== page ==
David Fincher’s D.C.-set Netflix series shows promise—and artifice.
By Ben Kenigsberg|
We knew David Fincher might be hurting, what with the Oscar loss for The Social Network and the softer-than-expected grosses for his high-toned Girl with the Dragon Tattoo remake. But was Netflix really the next logical step? As the red-envelope empire’s first major stab at original programming, House of Cards represents a remarkable leap forward in prestige: Headlined by Kevin Spacey (at the center of a fairly high-powered cast), the series comes packaged as the streaming juggernaut’s challenge to HBO. After expanding the bounds of digital filmmaking with Zodiac and The Curious Case of Benjamin Button, Fincher now bids to bring us into the post-television era.
Fincher is one of the most talented directors of his generation, and his knack for staging, lighting and rhythm would make his work compulsively watchable in any format. His material can be another matter. Retooled by playwright Beau Willimon from a 1989 British novel and BBC miniseries that premiered ten days before Thatcher stepped down, House of Cards traffics in the same evergreen, superficial politics-as-war insights as Willimon’s The Ides of March. Episode one opens with Spacey’s Frank Underwood smothering a dog that’s been mortally wounded in a hit-and-run. “I have no patience for useless things,” the Southern gentleman informs us in a to-viewer aside. For this Huey Long–voiced Richard III, the winter of discontent is just beginning. Turned down for Secretary of State by the incoming 45th President, Underwood sets out to play his rivals against each other.
As an instrument of his scheme, he enlists the ambitious Zoe Barnes (Kate Mara, sister of Dragon Tattoo’s Rooney), a cub reporter for the “Washington Herald.” Seemingly the lone Twitter user in the office, she may also be the only journalist of her generation discouraged from overproducing. “Move me online!” she begs her boss. “My own blog.” Despite crafting what seemed like a reasonable simulacrum of a ’70s newsroom in Zodiac, Fincher stumbles in realizing the profession’s 21st-century counterpart. Let’s hope future national-desk visits avoid anything as cringe-inducing as the scene in which Zoe’s editors marvel at a computer screen, amazed at the concept of page views (“This Web traffic’s absolutely crazy!”).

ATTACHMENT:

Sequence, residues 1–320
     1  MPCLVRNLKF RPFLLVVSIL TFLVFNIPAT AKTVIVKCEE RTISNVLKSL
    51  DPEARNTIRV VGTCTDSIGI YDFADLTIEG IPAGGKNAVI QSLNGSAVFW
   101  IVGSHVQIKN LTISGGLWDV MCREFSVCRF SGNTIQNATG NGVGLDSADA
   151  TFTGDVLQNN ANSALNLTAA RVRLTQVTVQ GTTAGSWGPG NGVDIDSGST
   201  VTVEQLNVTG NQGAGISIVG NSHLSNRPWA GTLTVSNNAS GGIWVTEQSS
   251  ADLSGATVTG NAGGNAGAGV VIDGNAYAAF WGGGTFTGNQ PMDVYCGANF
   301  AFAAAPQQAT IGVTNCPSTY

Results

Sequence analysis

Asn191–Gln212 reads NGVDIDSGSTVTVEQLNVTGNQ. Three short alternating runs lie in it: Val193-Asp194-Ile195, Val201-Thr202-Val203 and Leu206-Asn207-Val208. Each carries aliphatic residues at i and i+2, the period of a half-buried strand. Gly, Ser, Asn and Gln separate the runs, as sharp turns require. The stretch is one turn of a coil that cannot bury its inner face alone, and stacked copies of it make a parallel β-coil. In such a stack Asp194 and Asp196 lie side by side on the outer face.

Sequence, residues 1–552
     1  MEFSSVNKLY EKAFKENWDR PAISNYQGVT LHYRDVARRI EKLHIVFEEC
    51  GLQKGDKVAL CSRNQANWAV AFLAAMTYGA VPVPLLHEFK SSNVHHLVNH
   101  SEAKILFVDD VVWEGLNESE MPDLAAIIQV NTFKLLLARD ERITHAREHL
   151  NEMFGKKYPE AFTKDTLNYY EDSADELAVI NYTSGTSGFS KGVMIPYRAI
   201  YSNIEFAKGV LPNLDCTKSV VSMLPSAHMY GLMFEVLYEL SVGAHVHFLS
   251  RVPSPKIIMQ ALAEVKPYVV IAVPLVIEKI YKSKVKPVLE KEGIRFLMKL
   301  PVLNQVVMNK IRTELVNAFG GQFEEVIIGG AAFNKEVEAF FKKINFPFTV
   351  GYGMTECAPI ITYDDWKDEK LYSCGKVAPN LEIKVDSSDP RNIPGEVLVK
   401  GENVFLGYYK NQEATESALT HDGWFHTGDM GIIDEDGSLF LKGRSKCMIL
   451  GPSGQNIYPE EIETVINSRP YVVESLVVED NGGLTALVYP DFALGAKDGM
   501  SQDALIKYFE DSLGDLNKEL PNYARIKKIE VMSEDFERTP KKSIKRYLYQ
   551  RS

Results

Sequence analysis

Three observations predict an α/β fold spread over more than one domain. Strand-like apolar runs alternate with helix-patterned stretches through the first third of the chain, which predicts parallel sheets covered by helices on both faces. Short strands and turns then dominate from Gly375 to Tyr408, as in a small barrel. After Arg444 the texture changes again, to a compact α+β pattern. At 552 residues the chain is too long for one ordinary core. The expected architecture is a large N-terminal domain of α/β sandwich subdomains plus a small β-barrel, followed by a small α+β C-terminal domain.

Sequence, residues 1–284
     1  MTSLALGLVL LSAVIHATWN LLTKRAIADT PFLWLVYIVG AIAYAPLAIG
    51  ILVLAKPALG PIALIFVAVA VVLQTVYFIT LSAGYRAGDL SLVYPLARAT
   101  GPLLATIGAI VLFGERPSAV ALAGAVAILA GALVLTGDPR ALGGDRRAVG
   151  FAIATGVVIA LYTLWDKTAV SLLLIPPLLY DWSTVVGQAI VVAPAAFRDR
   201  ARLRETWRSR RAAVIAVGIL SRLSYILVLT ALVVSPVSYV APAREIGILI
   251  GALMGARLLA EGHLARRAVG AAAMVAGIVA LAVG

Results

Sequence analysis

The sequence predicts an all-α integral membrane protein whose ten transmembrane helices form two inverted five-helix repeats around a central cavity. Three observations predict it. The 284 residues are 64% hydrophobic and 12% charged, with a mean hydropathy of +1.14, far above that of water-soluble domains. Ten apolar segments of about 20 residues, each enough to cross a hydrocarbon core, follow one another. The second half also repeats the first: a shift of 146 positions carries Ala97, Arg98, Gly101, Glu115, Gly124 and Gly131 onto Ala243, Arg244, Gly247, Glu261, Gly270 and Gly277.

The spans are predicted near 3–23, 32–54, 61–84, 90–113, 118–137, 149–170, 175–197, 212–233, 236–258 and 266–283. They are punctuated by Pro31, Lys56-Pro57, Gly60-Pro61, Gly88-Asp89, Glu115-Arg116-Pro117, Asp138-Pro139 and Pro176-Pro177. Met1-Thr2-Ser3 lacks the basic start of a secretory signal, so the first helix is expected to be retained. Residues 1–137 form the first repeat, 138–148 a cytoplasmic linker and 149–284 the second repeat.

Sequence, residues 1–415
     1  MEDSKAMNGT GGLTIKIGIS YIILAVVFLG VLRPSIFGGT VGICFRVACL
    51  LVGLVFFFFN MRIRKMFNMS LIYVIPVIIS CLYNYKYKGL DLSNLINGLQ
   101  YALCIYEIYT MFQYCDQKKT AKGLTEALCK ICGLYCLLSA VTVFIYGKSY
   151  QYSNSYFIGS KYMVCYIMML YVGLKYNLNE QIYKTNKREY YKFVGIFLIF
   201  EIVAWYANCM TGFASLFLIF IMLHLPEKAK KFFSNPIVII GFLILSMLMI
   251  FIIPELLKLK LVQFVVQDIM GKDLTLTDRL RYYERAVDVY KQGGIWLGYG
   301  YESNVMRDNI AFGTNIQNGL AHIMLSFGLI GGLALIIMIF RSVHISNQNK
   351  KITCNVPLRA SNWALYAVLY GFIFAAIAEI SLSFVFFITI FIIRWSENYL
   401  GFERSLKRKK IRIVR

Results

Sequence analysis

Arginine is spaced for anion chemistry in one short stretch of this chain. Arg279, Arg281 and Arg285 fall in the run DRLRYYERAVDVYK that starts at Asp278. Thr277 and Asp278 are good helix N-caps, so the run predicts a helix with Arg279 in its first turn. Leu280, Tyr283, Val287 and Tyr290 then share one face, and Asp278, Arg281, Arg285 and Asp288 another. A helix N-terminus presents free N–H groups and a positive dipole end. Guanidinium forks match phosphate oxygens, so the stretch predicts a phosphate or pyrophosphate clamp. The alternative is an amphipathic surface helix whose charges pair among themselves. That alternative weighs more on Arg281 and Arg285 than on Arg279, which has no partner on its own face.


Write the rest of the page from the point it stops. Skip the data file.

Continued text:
Intent on creating a surface “realism,” House of Cards doesn’t pretend the two major parties don’t exist. But more than, say, The West Wing, it registers as cagily apolitical. (Underwood is—wait for it—a 22-year Democratic congressman from South Carolina.) Netflix has ordered two 13-episode seasons, the first of which will debut all at once. Fincher directed the inaugural two installments; together, they hint at something richer, with incidental bits like Underwood wining-and-dining natural-gas lobbyists and a compelling plot thread tracing the way the pundit echo chamber wags the dog of policy. When Underwood plants a story that his rival for State is soft on Israel, the subsequent cable-news bloviating seems credibly hysterical. And behind the scenes, character actor Michael Kelly (Changeling) impresses as the congressman’s right-hand man. His quiet brand of skullduggery provides a counterbalance to Spacey’s hammy, pseudo-Shakespearean grandeur. Together, they might be a ticket worth getting behind.